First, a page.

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15 April 2004 Edition

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Talks can refocus process - But governments must show political will


Tony Blair and Bertie Ahern have the opportunity to instill a new momentum into the peace process with the three-day proximity talks to be held at the end of this month, Sinn Féin President Gerry Adams said last Sunday.

Addressing the main Dublin Easter Commemoration, one of over 100 events held all over the country to mark the 88th anniversary of the 1916 Rising, Adams welcomed the talks announcement and a statement from Blair saying he wanted to break the political stalemate by June.

The talks are to be hosted by Blair and Ahern in London and will come shortly after the publication of the Independent Monitoring Commission's first report. However, that report is expected to be unfairly slanted, with a focus on so-called republican activity.

In a harsh criticism of the two government's lack of enthusiasm to date, Adams said, "I know that Irish republicans have that strength of will to resolve these issues. I am not confident that the two governments have it. I am certainly not confident that the leaders of political unionism have it.

"Does anyone in the two governments really believe that blaming republicans for the current crisis is creating the proper atmosphere for serious negotiations? London and Dublin must accept that they have to inject new momentum into the process. They can do this by honouring their respective commitments in the Good Friday Agreement, in the Joint Declaration and in the discussions with us last October."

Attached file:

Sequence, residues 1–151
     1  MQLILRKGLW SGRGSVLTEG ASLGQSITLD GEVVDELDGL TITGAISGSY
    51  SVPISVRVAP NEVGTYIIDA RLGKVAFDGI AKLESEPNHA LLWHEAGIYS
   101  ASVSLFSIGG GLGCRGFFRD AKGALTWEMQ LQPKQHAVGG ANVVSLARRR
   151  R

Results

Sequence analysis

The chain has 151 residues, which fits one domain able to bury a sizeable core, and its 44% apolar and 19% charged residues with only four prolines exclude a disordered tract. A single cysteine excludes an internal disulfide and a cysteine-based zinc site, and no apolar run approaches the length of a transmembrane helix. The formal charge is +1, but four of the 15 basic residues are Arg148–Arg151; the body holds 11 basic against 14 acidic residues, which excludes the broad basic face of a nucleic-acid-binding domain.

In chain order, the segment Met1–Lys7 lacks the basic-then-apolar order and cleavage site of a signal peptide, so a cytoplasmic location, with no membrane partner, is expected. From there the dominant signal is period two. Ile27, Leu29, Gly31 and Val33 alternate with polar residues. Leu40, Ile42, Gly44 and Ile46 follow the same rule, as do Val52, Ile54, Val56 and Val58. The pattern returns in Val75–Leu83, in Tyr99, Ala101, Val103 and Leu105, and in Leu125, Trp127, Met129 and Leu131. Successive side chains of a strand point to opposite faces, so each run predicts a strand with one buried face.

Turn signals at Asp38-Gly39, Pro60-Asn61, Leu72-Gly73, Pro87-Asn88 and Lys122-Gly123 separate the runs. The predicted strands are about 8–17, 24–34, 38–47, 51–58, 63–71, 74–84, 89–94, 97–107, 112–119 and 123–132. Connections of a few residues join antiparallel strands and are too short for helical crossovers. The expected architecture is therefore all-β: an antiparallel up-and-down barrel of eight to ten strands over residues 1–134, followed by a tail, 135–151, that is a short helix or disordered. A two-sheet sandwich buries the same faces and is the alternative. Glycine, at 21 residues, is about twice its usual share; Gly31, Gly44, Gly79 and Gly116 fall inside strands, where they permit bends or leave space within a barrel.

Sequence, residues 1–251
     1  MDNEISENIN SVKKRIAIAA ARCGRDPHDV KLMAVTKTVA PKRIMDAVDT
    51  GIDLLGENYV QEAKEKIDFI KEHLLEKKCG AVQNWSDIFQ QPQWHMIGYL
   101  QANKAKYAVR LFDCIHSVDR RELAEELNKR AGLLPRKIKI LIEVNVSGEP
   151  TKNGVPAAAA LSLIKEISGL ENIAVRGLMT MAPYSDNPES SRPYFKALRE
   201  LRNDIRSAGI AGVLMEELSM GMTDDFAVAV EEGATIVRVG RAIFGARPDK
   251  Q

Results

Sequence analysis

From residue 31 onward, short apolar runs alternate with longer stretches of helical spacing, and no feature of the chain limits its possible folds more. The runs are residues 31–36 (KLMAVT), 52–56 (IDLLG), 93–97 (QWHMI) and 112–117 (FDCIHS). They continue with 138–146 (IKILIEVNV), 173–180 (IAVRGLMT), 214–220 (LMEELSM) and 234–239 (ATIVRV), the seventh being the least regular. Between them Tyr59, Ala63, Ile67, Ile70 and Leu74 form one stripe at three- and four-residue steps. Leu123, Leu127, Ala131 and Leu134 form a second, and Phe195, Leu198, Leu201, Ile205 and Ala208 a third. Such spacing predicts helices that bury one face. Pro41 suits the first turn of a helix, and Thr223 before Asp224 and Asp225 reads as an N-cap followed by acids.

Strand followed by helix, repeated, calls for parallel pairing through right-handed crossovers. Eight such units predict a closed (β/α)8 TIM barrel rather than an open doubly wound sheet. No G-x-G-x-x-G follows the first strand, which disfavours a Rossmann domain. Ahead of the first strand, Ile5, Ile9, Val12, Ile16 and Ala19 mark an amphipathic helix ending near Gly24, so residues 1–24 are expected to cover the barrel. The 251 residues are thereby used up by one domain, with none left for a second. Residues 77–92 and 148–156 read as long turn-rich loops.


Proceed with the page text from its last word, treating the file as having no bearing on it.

Responding to the announcement of the talks, Sinn Féin MLA and Six-County EU candidate, Bairbre de Brún, echoed the Sinn Féin President's point that the party has been saying for some time that the Review could not resolve the wider crisis within the peace process.

"We have been very clear that the two governments need to take urgent action if the peace process is to be put back on track and the political institutions re-established," she said.

"Sinn Féin will approach any attempt to resolve this crisis in a positive fashion. Clearly, the most effective way of resolving difficulties is through a process of dialogue based upon equality and respect for political mandates."

Speaking in Tyrone, Martin McGuinness pointed out that last November Sinn Féin came within just 15,000 votes of becoming the largest political party in the North of Ireland and the governments will have to deal with the reality of a stronger party again after the European and local government elections in the 26 Counties. "Mr Blair says that if the process fails to move forward then it will move backward. It is the responsibility of the two governments to ensure that the process continues to develop and move forward," said Sinn Féin's chief negotiator.

"Mr Blair said at his party conference last year that he did not have a reverse gear. Let me assure Mr Blair that as far as the Irish Peace Process is concerned, he won't need one because there is only one direction that we are going and that's forward. We are not for turning back. Sinn Féin is not giving up on this process."


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